Trading losses

The question whether auditors can be liable for trading or similar losses suffered in the period after the company would, if the audit had been carried out properly, have been closed down (or changed its ways under new management) was answered in favour of the claimant by the Court of Appeal in AssetCo v Grant Thornton [2020] EWCA Civ 1151.

The gist of AssetCo was that the recoverability of trading losses depends on the closeness of the connection between, on the one hand, the type of losses and the business activity causing the losses, and on the other the nature of the breach of the auditor’s duties.

In AssetCo the principal claim was allowed because (i) the breaches of audit duty were directly connected to loss-generating contracts which were being dishonestly misrepresented by the directors; and (ii) the losses for which damages were sought also related to those contracts.

While it is now strongly arguable that trading loses are a recognised and recoverable head of loss in audit negligence claims, proving that the losses were caused by the negligence requires careful work by the claimant and its factual and expert witnesses. Crucially, success will depend on establishing that, in the counterfactual where the true position was known, the claimant would have stopped trading earlier than it did and so would have avoided the losses actually suffered.

This will frequently depend on the likely reaction of the company’s lenders had an audit revealed the true financial position. Would they have frozen the company’s lending facilities, and if so when? How does that compare with how the lenders did in fact react when the true position eventually came to light?

These are complicated factual and causation issues, and ones where expert evidence from restructuring or banking experts, who can anticipate the counterfactuals and help ensure that relevant witness and documentary evidence is identified and preserved, will often be needed.

Contributory negligence

The case law in this area shows that deductions for contributory negligence are routinely made from damages in audit negligence cases, even where the negligence or misconduct of the company’s management is the very thing that should have been brought to light by proper auditing. The legal theory is that the negligence/misconduct of senior employees of the claimant company is to be attributed to the company in the usual way.

Deductions for contributory negligence are typically in the range of 20-50% (and as AssetCo shows, the court may evaluate the appropriate deduction separately in relation to different heads of loss).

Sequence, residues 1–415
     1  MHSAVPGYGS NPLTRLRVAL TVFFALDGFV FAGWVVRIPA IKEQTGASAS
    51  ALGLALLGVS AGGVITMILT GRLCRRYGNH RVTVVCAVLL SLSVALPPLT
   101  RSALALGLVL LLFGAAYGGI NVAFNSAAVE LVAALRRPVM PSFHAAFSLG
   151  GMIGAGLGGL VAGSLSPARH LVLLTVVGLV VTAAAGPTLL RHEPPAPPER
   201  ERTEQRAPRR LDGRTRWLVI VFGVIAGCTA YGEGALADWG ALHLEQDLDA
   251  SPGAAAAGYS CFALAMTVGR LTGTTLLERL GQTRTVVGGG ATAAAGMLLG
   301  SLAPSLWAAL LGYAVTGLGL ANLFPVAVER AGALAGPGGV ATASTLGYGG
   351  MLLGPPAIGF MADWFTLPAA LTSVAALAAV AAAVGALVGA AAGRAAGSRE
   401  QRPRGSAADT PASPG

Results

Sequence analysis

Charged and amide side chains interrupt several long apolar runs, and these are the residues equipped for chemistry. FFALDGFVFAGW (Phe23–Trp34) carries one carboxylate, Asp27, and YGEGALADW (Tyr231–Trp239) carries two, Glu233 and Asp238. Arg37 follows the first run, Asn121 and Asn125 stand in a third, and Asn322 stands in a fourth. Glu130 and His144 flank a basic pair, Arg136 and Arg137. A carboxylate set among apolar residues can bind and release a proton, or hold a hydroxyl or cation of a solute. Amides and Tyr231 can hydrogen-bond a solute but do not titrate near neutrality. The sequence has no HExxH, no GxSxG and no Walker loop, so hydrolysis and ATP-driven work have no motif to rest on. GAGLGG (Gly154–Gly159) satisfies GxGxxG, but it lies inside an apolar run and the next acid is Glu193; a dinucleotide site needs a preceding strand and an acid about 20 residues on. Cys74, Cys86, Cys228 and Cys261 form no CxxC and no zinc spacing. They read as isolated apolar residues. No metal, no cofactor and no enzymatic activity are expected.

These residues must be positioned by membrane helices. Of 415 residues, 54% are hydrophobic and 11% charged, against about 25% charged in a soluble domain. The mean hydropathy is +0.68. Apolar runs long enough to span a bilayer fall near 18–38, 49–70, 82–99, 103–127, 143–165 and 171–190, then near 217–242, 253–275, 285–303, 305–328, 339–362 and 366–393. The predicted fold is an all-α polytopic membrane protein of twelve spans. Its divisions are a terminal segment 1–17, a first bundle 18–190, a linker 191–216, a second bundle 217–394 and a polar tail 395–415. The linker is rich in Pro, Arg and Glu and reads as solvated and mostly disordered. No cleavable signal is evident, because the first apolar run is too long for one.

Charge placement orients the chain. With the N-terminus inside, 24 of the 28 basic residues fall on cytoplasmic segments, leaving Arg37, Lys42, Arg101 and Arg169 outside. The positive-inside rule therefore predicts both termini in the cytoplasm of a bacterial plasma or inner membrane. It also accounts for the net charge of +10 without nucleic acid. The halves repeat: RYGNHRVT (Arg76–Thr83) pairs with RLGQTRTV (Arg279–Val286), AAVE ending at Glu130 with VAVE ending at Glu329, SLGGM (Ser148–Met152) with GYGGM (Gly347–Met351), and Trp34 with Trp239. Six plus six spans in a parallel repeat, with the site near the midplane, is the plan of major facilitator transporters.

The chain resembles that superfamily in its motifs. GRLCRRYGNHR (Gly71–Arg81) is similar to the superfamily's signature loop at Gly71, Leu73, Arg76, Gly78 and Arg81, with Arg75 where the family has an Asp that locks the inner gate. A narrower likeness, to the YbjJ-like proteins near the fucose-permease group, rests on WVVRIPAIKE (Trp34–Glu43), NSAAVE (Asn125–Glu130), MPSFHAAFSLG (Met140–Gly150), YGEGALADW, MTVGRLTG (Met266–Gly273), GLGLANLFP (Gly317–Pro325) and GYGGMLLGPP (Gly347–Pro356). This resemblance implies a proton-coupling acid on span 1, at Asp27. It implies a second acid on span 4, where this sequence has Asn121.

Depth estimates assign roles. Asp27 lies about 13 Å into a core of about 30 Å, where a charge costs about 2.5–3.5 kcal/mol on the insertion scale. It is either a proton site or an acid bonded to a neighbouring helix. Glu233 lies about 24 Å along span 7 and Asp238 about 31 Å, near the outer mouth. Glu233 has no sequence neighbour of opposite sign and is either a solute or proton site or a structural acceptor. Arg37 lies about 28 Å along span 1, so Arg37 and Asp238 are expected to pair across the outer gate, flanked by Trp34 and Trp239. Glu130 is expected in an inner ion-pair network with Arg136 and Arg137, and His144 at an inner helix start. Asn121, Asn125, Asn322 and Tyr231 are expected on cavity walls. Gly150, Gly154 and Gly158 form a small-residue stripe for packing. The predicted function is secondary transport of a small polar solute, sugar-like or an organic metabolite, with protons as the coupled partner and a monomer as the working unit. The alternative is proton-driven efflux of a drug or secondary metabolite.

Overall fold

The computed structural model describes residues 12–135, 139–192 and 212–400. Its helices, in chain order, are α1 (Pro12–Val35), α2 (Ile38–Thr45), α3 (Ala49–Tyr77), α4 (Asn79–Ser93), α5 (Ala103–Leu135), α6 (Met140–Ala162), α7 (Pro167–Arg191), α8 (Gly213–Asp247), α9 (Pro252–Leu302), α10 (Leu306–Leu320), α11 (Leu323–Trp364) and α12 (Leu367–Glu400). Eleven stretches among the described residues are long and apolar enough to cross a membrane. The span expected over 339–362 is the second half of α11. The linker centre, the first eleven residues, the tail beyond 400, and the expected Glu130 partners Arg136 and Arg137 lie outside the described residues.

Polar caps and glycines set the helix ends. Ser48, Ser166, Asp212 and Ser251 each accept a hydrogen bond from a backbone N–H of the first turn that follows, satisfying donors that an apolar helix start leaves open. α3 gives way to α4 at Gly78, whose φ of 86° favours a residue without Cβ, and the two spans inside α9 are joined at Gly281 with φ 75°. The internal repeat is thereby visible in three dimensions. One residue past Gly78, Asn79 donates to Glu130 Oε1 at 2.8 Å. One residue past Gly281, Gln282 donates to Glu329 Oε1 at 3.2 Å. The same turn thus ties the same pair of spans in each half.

However, where there is evidence of deliberate concealment of the true facts at board level, higher deductions than 50% may well be possible, particularly if there are no non-executive directors who are able or willing to give evidence to confirm their ignorance of the behaviour of the rest of the board.

Where there is such egregious behaviour on the part of the board there is also a risk that the extreme conduct will be found to have broken the chain of causation with the auditors’ conduct, and should be regarded as the sole cause of the loss. Establishing factual causation depends on proving that the board would have acted differently if the auditors had revealed the true position – if they would have carried on regardless the auditors’ breach of duty is not the cause of the loss.

There is of course a paradox in deductions being made for contributory negligence when the negligence or misconduct of the company’s management is the very thing that should have been brought to light by proper auditing. The net result is that the worse the management misconduct, the worse the auditors’ negligence for failing to expose it but, at the same time, the higher the deduction for contributory negligence.

The irony of this outcome is that the creditors of the company, for whose benefit actions of this type are in reality being brought, end up disadvantaged by the contributory negligence deduction from the damages awarded.

Other common law jurisdictions have dealt with the point differently and have decided that there should be no attribution to a company of the fraudulent conduct of its directors for the purpose of contributory fault in claims against auditors who ought to have detected the fraud.

However, on the current state of English law, the dishonesty of management is attributed to the company for the purpose of contributory fault.


Any sizeable professional negligence claim against auditors is likely to be vigorously defended by the firm (or more likely its insurers), if only in the expectation that the headline damages can be significantly reduced.

To succeed in the claim the company (or its appointed insolvency practitioners) will need the benefit of experienced and specialist professional advisers. It may also need assistance from litigation funders with the experience and skills to assess the strength of the claim and its true value, and then the ability to stick with the claim through what is likely to be a challenging, cost intensive and possibly lengthy process.

LCM has extensive experience in the financing of audit negligence litigation around the globe, including the funding of the claim brought against the auditors of Carillion which concluded in 2023.